Maoria: A Sketch of the Manners and Customs of the Aboriginal Inhabitants of New Zealand.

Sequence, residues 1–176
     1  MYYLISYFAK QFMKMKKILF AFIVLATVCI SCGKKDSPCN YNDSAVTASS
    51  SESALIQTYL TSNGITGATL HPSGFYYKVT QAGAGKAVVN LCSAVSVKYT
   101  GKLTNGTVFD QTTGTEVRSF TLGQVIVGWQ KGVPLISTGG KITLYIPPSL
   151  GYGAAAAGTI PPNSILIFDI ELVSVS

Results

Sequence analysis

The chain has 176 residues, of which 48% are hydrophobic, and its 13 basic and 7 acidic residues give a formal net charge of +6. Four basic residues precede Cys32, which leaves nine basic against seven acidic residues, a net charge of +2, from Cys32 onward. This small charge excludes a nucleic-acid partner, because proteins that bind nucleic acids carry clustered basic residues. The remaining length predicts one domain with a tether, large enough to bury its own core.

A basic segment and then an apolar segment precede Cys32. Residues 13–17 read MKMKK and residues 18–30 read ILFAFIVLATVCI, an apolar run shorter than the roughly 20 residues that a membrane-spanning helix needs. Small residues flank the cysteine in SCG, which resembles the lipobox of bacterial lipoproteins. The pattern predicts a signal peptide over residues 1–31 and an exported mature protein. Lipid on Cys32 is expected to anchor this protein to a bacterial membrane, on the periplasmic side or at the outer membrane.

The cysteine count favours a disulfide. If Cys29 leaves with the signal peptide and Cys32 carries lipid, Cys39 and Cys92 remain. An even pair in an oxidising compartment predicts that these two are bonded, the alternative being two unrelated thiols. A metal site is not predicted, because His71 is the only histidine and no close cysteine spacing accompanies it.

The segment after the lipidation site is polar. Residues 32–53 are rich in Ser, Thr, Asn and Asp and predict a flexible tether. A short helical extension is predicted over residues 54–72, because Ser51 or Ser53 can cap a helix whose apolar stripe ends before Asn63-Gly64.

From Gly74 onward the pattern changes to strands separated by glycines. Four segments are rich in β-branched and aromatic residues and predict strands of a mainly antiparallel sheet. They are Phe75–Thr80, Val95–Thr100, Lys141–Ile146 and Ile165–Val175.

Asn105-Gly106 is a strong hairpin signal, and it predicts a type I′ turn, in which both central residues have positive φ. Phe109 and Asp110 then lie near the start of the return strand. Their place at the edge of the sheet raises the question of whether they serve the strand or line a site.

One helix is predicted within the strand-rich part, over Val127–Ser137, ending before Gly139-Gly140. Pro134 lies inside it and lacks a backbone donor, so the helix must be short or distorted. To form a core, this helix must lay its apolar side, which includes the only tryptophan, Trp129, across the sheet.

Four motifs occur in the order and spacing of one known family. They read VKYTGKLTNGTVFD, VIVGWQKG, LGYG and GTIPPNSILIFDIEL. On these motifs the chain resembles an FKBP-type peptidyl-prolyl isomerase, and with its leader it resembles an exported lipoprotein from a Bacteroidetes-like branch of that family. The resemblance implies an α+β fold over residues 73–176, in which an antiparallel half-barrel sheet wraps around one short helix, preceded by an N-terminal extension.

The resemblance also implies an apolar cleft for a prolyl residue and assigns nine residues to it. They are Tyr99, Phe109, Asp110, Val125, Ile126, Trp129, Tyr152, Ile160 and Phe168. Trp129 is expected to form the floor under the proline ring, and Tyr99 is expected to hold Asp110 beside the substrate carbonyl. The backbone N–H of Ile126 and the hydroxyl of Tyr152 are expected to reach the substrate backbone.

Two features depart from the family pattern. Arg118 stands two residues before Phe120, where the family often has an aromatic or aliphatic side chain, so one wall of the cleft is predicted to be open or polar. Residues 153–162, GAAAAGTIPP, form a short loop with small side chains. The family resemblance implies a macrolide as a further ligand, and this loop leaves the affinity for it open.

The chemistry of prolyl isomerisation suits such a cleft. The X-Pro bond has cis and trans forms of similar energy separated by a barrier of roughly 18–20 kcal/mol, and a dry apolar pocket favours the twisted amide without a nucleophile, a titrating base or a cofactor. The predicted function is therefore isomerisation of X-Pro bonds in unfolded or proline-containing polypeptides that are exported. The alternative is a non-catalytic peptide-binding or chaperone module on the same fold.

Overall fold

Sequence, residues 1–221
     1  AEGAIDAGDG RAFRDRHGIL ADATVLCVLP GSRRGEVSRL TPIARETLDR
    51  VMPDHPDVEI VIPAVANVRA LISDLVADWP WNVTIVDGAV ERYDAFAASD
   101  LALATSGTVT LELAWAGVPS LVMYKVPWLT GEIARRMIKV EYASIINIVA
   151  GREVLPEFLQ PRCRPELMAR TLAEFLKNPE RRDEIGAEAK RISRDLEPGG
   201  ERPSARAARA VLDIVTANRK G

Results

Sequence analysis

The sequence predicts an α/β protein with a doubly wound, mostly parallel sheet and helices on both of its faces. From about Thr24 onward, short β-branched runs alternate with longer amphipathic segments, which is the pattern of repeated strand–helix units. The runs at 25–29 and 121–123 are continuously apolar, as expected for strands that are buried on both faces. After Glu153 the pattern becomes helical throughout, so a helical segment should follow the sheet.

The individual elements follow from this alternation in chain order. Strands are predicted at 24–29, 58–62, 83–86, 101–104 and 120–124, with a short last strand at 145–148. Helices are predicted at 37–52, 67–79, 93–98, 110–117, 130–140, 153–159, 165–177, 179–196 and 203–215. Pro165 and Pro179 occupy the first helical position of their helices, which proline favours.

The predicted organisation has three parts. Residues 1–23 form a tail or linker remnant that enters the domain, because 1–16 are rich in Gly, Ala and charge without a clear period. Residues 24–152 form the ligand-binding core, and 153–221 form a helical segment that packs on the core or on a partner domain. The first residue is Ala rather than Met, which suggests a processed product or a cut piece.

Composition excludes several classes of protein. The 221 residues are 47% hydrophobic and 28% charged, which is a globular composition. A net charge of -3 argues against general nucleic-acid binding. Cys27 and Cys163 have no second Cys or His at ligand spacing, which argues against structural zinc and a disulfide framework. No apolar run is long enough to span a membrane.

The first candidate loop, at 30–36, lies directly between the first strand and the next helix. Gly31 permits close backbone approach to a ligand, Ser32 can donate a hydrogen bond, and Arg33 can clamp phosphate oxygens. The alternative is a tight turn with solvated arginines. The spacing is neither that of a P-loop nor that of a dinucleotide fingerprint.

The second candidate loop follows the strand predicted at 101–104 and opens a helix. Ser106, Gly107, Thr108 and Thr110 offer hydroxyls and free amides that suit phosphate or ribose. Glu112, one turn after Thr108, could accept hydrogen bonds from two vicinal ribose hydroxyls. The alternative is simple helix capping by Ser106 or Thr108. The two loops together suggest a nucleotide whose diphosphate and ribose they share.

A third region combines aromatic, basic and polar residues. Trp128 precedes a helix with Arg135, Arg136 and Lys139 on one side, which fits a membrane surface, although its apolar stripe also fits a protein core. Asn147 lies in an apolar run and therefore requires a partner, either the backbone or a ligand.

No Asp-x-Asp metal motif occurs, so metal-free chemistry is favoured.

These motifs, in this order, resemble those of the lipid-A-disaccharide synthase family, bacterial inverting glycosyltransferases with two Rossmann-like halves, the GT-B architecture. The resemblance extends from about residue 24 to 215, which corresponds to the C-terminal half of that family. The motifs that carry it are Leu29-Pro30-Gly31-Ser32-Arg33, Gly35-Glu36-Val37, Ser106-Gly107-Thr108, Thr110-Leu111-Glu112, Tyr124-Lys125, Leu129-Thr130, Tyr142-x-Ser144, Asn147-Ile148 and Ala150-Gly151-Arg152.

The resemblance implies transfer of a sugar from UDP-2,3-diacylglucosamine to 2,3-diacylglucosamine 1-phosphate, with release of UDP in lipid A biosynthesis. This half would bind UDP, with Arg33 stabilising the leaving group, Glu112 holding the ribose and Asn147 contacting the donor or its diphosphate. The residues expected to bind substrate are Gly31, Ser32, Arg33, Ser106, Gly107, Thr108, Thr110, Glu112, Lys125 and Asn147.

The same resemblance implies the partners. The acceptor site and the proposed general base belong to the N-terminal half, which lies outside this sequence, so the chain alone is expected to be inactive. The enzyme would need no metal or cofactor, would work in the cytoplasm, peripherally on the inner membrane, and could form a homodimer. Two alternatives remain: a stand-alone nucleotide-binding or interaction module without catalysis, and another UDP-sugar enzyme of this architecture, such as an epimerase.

The second Maori romance which claims our notice is written by Captain J. C. Johnstone, late of the Bengal Army, whose preface is dated at Te Haroto, near Auckland. His book, which, like "Ena," is a single volume, is entitled Maoria: A Sketch of the Aboriginal Inhabitants of New Zealand (Chapman and Hall). Its style is rather better, as it is simpler and easier, than that of Mr. George Wilson's tale. The scene of action is on the west coast of the North Island, at a Maori pah or fortified village called Ngutukaka, near the mouth of the Waitebuna river, which we cannot find in the map of New Zealand. War among the native tribes, as in the story of "Ena," without the intervention of European arms or intrigues, gives occasion for the wild deeds and adventures presented here. The aged Ariki, or chief of the Ngatiroa, Te Au Te Rangi (a nobly sonorous name), has three lovely granddaughters—cousins, of course, to each other. Of these maidens Ora and Tui are to us the most interesting; yet Hira is also an attractive girl. The tohunga, or sanctified public conjuror, in the community, is a clever impostor named Ngawhare; the hero, or true king of men, is Karaka, the old chief's bravest and ablest son. Captain Johnstone has contrived to show us many particulars of Maori domestic life and manners. The fishing, the boating, the collecting of edible fern root, and preparing it for food; the method of cooking it by steam, in a closed pit where water has been poured upon heated stones; the making of canoes, the building of huts, and weaving of flax into cloth; the laborious earthworks and palisades, to fortify the steep ascent of their inhabited cliffs and crags; these branches of native industry are very exactly described. The practice of cannibalism, which must be admitted to be a drawback on the admirable qualities of the Maori race, is but incidentally referred to. The author draws a veil over the scene at these horrid feasts of human flesh. We do not like to think of the pensive Ora and the playful Tui, those sweet young Maori women, as kind and gentle as their sex in our own land, partaking of a slice or picking a bone at such inhuman banquets. The fate of Ora, as the victim of malignant enchantment, is very sad. That of pretty, winsome Tui, though she is wedded to Matuku, the man of her choice, is a mournful end to the story, with the capture of their village fortress by the merciless Rarawa, and the extermination of their people. The stratagem of the besiegers' feigned retreat, and of the factitious whale stranded in the shallow bay, to cover their secret return, is one which reminds us of the ancient tale of Troy.